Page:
As well as clearing litter, branches and logs from the river, those on terra firma, especially the two ladies on the south bank, also unblocked pipe gullies that went under the footpath, and were causing the path to flood. This excess of water was inconvenient to man and beast, as the second photograph shows.
Photograph 2. My poor paws are getting wet
Towards the end of the morning the stepping-stones were reached and two volunteers were dispatched to clear the tangle of branches from underneath the stone bridge, where the water gate is in place; see photograph 3.
Photograph 3. That will stop the cows again
It will be noticed from the photograph that barbed wire has been fixed to the gate. Unfortunately, this causes the gate to catch more debris but it had to be done because, after about a year or so, the cows worked out how to open the two part gate and that gave them access to the meadow and the rest of the Dene: not what was wanted.
The morning’s rubbish was taken to Old Hartley Car Park to be collected by NCC in due course. It was satisfying to note that, compared with previous years, the quantity of litter, for that stretch of river, was considerably less.
The holiday period caused a dramatic drop in the number of volunteers forming the FoHD Working Party on the 1st and 8th May, with 5 on the former and only 4 on the latter date.
It had been intended to continue with the river and bank-side clean up but the river level was too high to allow safe wading, so the activities were confined to the river banks.
The area covered was from the Old Hartley Car Park to the small metal bridge next to the pipe pond at the head of the estuary. The bagged litter was recovered to the car park and collected by NCC staff.
On 15th May, the rain was falling steadily at 07.30 and consequently a decision was made to call off the session. This proved to be a wrong decision because by 08.30 the rain had stopped and 30 minutes later the sun was out – ah well, you cannot be right all the time?
The third week of May is usually the start of the Working Party’s strimming season and this year was no different. Six volunteers assembled at the usual time of 08.30 at Dale Top in Holywell Village. A strimming team consists of two people, one to cut and one to rake and clear the cuttings.
Today we had two strimming teams with the other two volunteers responsible for picking up litter, cutting back encroaching branches from bushes/trees and clearing the winter debris and mud from the steps leading down into the Dene from Dale Top.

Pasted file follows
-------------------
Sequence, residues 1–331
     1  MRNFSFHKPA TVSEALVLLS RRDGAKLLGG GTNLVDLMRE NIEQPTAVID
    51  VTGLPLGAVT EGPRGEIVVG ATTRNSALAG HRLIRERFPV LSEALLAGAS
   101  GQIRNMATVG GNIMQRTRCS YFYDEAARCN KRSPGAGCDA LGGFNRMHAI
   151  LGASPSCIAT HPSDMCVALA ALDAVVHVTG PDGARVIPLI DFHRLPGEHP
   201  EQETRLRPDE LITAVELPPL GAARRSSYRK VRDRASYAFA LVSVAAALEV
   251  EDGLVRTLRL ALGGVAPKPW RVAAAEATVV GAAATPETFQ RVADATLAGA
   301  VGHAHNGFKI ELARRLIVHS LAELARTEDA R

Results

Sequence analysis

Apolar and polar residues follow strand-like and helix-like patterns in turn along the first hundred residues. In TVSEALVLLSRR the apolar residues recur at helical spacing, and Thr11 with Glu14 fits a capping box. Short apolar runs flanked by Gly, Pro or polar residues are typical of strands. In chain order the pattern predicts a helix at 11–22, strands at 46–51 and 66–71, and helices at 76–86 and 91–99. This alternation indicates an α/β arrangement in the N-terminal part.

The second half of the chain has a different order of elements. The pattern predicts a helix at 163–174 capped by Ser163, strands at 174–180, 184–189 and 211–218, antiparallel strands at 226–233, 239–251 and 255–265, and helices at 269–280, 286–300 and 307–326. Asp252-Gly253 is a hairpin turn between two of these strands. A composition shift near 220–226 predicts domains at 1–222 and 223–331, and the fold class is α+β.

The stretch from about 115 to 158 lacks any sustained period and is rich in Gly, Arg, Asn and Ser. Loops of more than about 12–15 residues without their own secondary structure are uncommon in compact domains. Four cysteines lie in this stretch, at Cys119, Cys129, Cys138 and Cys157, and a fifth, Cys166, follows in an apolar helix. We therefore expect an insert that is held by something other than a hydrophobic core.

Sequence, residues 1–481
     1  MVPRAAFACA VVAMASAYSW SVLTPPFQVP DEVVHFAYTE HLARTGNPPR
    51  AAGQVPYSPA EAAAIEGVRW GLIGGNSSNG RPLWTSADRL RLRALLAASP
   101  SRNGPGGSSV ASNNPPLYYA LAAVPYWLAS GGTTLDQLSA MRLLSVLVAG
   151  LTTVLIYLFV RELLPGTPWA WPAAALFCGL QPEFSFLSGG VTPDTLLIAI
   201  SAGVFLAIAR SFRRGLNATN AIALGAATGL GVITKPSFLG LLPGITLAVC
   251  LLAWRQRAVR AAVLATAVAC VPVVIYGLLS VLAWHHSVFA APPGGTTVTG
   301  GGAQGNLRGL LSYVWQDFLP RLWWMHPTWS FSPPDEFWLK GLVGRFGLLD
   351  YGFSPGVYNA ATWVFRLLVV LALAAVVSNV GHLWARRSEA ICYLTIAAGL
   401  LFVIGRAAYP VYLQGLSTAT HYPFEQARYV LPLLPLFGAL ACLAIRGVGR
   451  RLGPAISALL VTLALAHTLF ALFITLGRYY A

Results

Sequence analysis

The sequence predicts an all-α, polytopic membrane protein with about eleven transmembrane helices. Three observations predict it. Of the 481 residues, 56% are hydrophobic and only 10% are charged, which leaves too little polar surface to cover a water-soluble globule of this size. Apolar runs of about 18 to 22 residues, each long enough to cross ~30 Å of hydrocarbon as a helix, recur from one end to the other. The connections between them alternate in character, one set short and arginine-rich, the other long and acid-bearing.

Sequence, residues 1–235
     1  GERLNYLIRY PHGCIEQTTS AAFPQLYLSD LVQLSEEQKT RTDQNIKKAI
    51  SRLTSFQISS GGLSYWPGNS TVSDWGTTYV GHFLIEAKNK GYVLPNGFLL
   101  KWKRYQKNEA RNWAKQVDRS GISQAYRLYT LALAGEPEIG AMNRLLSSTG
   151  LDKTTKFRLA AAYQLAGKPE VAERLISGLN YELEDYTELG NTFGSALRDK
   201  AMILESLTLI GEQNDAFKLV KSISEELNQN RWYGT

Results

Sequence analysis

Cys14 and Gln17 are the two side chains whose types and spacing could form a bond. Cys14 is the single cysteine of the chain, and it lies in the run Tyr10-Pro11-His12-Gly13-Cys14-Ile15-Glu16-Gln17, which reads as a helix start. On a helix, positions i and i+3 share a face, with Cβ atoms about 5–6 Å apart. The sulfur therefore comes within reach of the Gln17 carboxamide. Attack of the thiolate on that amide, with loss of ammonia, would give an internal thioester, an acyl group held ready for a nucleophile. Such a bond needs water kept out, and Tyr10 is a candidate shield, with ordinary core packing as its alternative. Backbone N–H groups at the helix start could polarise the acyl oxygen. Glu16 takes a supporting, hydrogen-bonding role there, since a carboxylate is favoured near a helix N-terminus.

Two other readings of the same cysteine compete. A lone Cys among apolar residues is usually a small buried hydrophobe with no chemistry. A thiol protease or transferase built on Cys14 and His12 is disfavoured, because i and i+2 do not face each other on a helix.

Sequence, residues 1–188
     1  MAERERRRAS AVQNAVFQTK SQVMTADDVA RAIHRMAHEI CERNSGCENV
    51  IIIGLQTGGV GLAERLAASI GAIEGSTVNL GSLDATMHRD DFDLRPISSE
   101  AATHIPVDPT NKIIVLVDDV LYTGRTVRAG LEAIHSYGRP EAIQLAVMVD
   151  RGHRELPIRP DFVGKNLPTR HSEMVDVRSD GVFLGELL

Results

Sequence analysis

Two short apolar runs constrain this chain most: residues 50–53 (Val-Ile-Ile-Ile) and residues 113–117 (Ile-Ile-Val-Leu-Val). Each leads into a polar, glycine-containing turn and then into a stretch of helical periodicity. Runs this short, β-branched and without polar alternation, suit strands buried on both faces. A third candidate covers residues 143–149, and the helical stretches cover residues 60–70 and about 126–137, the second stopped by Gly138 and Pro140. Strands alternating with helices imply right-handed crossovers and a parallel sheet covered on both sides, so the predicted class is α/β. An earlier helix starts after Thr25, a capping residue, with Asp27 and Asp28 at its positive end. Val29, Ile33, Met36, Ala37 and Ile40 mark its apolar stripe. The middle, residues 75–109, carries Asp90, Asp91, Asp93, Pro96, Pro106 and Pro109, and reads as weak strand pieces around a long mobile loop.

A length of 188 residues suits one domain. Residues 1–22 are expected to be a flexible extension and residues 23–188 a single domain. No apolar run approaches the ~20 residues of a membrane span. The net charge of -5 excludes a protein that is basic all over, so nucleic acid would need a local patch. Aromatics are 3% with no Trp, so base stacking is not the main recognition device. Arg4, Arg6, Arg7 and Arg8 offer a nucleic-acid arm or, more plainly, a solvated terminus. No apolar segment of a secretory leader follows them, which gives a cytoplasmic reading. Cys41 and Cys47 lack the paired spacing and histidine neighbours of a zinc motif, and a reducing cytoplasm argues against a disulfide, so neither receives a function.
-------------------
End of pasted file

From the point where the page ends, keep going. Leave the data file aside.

Photographs 1 and 2 show the entrance to the Dene before and after the vegetation was cut and illustrates the need for today’s work.
The question we have asked for a number of years is why these hideous steps were ever put in. The great majority of walkers, cyclists and dogs avoid them by walking to the side of the steps and thereby shifting the stones and mud onto the steps, that we then clear!
Photograph 3. Volunteer cleaning the steps
The Working Party then continued along the path cutting and clearing the vegetation that wasn’t as high as that at the Dene entrance but needed a haircut before it got out of hand. Vegetation grows incredibly quickly at this time of the year.
Photograph 4. Clearing the path of vegetation
After four hours working, the volunteers had reached the two paths leading to the footbridge over the river beneath Concorde House and at that point we called it a day.
It was a rare and unusual day for the Working Party as it concentrated on administration. Soon after the Group was formed six second-hand frame tents were purchased which were used for Family Days in the first four years. Since those early days only one or two have been used and the bulk of the six has made storage problematical.
Recently a good home for four of these tents has been found and 5 volunteers spent the morning checking and erecting the frames of all six tents and getting them ready for their new home. FoHD are retaining the other two.
The Group reverted to more normal tasks for their Tuesday morning session. 5 volunteers gathered, including one who was joining us for the first time, at Dene Cottage at Seaton Sluice estuary. The aim was to cut the vegetation, adjacent to the path, between the cottage and the Pipe Pond. In addition, brambles and small branches across the path were removed.
Photographs 1 and 2 illustrate the need for the work to be carried out before the path closed completely.
Two bench seats were also cleared and, as one passing walker commented, ‘I had forgotten there was a seat there’.
Photograph 3 shows the cleared seat and adjacent vegetation.
Finally, a gully, which was becoming blocked due to mud and stones coming down with the water feeding it, was cleared of debris.
Working on that path it was sad to see the ever increasing deterioration of its surface due to water, thought to be coming from old mine workings, and the rapid erosion of the land between the path and the river. At current rates of erosion there will not be a path in five years time. Unfortunately, the cost to secure the riverbank would be astronomic.
Photograph 4 shows some of the worrying erosion.
Arrangements to meet at Old Hartley car park had to be changed at the last moment due to the road works taking place on Hartley Lane and the inaccessibility of the car park to cars. The meeting place was changed to the Coordinator’s house where the equipment was picked up and walked to the car park, resulting in a slightly later start than normal.